Food literacy is an emerging concept to describe the knowledge, skills and behaviours required for healthy eating. The term's use has increased and food literacy has become a new strategy to prevent food insecurity. In Western Australia (WA), the largest state in Australia with various regional areas, implementation of food literacy programs to improve food insecurity is even more challenging. The purpose of this research was to identify and analyse food literacy programs and their content currently available in the food relief sector in WA. A comprehensive search strategy was applied to search, select and extract relevant data of targeted programs (n = 8). A Food Literacy Innovative and Sustainability Tool (FLIST) was developed to audit the programs using 17 criteria from two aspects: food literacy model (Vidgen & Gallegos, 2011) and sustainability components that audited the long‐term efficacy of the programs. A score (total score of 20), 11 from food literacy components and 9 from sustainability components, ranked the programs. Five programs did not meet all the food literacy criteria and lacked budgeting or food selection skills, especially for children/adolescent food literacy programs. The FLIST identified the gap between application of food literacy programs in vulnerable groups and pedagogy and sustainability factors to build food literacy and food security. Researchers and organisations in the food relief sector are recommended to validate and utilise the FLIST for future assessment of food literacy programs, with a view to improve the situation of food insecurity and diet‐related problems among disadvantaged populations in WA.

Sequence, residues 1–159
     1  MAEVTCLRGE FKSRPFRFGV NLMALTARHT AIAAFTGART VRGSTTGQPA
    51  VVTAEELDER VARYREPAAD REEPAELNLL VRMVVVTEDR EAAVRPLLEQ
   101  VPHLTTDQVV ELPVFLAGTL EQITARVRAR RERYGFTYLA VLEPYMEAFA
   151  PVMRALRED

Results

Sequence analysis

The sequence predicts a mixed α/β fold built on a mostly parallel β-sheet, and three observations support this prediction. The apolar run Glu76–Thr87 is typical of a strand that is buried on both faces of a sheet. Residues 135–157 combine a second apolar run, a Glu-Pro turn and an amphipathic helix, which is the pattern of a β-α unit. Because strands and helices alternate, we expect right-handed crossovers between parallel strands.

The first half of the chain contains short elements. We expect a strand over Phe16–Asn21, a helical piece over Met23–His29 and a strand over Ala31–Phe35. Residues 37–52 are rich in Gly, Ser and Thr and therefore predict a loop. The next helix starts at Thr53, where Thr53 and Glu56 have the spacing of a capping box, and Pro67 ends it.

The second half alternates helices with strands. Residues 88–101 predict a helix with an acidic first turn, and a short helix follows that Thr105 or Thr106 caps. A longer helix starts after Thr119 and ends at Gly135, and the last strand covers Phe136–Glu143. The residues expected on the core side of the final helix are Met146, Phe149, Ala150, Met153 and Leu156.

|Number of pages
|Published - May 2017
|34th National Conference Dietitians Association of Australia: Cultivating Fresh Evidence - Hobart, Hobart, Australia
Duration: 18 May 2017 → 20 May 2017
|34th National Conference Dietitians Association of Australia
|18/05/17 → 20/05/17